5. Gillian Welch, "Pocahantas"

Gillian covering one of my favorite Neil Young songs. Neil Young shows up more than once in the collection. As do the Abenaki, Vermont's native people, (Pocahantas's distant relatives), who are mostly invisible here in southern Vermont where I live. But they're woven into these stories in quiet ways, as they are woven (thank god) throughout this living landscape. The way Neil moves time around in this song astounds me every time and is a literary inspiration. I also can't imagine not having Gillian Welch on a playlist related to my work—her stark aesthetic, haunting voice, and brilliant songwriting have influenced my work in uncountable ways.

6. Birdie Busch, "Sitgreaves Pass"

Birdie! How this song un-shells me. Such a stunning landscape painting, that shows perfectly how the poetry of things (turquoise rings, silver good luck charms) enter--immediately and with punch--into our bloodstream. Birdie's a dear friend of mine, and though this song is set in the desert (near where my grandmother lived as a girl), its painted landscape captures the pronounced melancholy and yearning and startling clarity that can come when one has a direct encounter with a landscape, as many characters in Half Wild do.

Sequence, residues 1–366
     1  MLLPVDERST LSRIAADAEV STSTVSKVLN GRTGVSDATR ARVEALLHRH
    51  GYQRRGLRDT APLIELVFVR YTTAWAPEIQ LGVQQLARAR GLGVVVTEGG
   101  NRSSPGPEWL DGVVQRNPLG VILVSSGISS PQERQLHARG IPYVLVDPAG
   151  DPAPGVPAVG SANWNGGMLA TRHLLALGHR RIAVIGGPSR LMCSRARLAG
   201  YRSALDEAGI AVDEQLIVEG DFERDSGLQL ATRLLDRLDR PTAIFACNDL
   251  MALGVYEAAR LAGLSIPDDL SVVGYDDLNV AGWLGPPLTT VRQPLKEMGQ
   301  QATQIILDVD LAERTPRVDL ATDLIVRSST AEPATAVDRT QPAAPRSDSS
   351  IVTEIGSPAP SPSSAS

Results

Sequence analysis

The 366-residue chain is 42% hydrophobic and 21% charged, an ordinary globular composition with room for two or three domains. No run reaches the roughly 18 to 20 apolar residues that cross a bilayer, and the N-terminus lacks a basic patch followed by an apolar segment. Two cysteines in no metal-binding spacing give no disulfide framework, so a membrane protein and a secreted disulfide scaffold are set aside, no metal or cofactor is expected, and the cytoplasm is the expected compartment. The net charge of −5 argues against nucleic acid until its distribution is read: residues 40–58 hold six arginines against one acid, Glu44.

7. Otis Redding, "Love Man"

In the story "Karmann" some musty hippies put on this Otis Redding song and shake their skinny asses (awkwardly) in the smoke-filled and pine-walled living room. I did a lot of dancing in the living room to Otis Redding LPs as a kid. Vermont is a despairingly white landscape—thank goodness for all those Otis Redding LPs of my youth for encouraging me to get my butt up off the couch and dance.

8. Neil Young, "Helpless"

If there were one song to summarize this book, and what it's about, it would be this one: There is a town in North Ontario/dream comfort memory to spare/and in my mind I still a place to go/all my changes were there. The perfect summary for how we are fundamentally shaped by the landscapes of our youth. Clare, at the end of the story "Karmann," lies down in her bed at the end of the story and listens to this song. Vicksburg will be, for Clare, and for many of the characters in Half Wild, the place in her mind she will always go to, the "place where all her changes were."